When the Lakers traded for Roy Hibbert last summer, they envisioned him anchoring an upgraded defense. They hoped he could work with other veterans – Kobe Bryant, Lou Williams, Brandon Bass – to form a decent team.
It hasn’t worked.
The Lakers have the NBA’s worst defense, and they allow more points per possession when Hibbert plays. They’re 9-35.
Steve Kyler of Basketball Insiders:
Hibbert has never looked worse. He’s too slow and stiff defensively, and he’s a mess offensively. On an expiring contract, he might provide depth to a contender. But it’s difficult for teams to match his $15,592,216 salary without including at least one player more valuable than him.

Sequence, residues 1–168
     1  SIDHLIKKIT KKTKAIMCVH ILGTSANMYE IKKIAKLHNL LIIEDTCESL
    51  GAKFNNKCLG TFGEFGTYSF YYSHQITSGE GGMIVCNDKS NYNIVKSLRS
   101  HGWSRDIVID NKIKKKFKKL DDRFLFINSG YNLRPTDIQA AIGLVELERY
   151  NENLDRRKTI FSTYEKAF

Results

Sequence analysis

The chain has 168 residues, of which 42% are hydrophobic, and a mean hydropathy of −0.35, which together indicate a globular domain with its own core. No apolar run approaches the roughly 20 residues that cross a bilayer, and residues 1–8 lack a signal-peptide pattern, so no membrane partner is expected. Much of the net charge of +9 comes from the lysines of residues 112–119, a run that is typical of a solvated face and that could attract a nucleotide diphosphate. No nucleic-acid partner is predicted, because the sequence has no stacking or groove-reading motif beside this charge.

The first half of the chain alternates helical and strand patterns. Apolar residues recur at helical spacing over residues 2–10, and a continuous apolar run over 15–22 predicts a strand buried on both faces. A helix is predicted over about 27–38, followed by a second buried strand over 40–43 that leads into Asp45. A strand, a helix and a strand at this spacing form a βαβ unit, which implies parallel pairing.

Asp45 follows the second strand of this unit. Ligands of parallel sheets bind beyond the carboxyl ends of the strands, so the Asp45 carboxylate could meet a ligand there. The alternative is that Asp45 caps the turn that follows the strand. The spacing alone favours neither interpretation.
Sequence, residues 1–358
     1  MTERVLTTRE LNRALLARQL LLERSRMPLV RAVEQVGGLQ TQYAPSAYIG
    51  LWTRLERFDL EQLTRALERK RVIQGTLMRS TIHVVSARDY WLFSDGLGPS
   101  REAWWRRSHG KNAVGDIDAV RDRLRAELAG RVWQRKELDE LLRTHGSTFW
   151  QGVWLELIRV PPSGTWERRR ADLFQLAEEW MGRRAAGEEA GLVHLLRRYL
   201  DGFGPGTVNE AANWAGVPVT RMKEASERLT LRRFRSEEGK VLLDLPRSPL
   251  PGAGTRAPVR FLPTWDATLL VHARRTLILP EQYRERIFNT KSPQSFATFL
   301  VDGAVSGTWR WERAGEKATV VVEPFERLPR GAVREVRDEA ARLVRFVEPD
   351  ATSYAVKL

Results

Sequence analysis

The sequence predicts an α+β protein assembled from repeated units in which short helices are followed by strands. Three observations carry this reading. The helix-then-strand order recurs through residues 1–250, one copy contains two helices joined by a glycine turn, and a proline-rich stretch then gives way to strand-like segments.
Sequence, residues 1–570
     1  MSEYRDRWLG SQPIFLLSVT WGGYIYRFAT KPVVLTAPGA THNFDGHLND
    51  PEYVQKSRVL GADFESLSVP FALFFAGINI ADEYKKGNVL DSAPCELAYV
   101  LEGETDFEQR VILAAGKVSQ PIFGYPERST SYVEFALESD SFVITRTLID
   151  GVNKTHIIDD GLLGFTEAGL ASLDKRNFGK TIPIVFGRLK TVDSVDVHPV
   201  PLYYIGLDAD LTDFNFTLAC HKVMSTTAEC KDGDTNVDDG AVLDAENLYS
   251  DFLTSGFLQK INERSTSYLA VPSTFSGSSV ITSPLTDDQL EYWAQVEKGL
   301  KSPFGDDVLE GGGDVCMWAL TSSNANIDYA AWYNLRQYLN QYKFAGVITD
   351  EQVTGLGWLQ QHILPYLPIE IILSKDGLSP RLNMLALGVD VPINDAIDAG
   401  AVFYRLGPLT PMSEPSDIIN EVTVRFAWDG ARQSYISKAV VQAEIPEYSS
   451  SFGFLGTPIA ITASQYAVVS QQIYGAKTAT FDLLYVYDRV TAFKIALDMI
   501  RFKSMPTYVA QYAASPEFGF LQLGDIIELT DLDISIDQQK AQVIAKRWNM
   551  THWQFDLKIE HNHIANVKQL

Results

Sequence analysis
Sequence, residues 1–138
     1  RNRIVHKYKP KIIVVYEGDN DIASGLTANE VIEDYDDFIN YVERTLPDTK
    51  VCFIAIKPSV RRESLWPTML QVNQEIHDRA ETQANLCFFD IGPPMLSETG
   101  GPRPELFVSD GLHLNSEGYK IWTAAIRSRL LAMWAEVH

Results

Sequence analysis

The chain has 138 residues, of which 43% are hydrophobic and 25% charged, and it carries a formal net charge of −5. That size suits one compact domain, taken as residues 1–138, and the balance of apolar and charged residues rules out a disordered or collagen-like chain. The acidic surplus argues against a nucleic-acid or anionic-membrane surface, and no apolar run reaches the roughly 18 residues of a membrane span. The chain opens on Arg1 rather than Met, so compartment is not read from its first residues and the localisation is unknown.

A potential fit: Boston. The Celtics might rather have Hibbert than David Lee, another washed-up player on a big expiring contract. At least Hibbert would give them flexibility to play a different style with a hulking big man in the middle. If the Lakers are just trying to help Hibbert, that swap wouldn’t hurt them. But it doesn’t help, either. Maybe they could extract a second-rounder from Boston.
Otherwise, Hibbert’s prime value is facilitating a larger trade if a star becomes available – especially because the Lakers’ most valuable trade chips (D'Angelo Russell, Julius Randle and Jordan Clarkson) make so little money.